- Also look at the costophrenic angle (which should be acute) to see if there is any rounding, which may indicate effusion (as the fluid settles).
Step 7. Check the heart
Examine the edges of the organ; the edges of the silhouette must be sharp. Note whether radiopacity is obscuring the edge of the heart in the right middle lobe and left lingual, a sign of pneumonia, for example. Also look for abnormalities in the external soft tissue.
- A heart with a diameter greater than half the thoracic diameter is enlarged.
- Look at the lymph nodes and look for subcutaneous emphysema (density of air below the skin) and other lesions.
Step 8. View the lung fields
Start by looking at symmetry and looking for key areas of abnormal lucency or density. Try to train your eyes to go through the heart and upper abdomen to the posterior lung. You should also examine vascularity and the presence of masses or nodules.
- Examine the lung fields for infiltration, fluid, or air bronchograms.
- If fluids, mucus or tumors and the like fill the air sacs, the lungs will appear radiodense (shiny), with less visible interstitial marks.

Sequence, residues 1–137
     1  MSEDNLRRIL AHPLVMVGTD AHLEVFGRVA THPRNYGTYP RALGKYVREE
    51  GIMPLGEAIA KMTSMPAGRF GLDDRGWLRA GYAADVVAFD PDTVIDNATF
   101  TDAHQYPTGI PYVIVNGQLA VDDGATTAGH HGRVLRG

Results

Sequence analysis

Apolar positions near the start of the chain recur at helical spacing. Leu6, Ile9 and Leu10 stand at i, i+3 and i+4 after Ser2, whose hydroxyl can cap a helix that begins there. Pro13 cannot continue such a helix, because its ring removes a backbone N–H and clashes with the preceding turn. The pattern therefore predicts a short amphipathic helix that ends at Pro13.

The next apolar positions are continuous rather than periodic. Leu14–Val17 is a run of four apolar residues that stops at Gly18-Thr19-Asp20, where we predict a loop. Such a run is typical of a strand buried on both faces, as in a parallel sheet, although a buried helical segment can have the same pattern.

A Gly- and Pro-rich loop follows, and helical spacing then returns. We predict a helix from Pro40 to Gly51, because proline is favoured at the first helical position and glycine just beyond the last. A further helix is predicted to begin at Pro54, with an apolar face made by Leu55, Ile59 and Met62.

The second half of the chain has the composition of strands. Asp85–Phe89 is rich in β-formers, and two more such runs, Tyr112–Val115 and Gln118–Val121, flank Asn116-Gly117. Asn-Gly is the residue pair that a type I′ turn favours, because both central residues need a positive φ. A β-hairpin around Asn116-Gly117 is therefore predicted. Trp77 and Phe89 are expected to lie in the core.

Step 9. Look at the hilos
Look for lumps and masses in the hila of both lungs. In the front view, most of the hila shadows represent the right and left pulmonary arteries. The last one is always higher up, raising the left hilum.
Look for calcified lymph nodes in the hila, which could be caused by an old TB infection
- Practice leads to perfection. Study and read several chest X-rays to become proficient.
- A good tip for reading chest X-rays is to go from general observations to specific details.
- Always compare old X-rays when they are available. They will help detect new diseases and assess changes.
- Rotation: Observe the clavicle heads in relation to the spinous processes; they should be equidistant.
- Cardiac size should be less than 50% of the chest diameter on PA images.
- Take a systematic approach to reading an X-ray so you don't miss anything.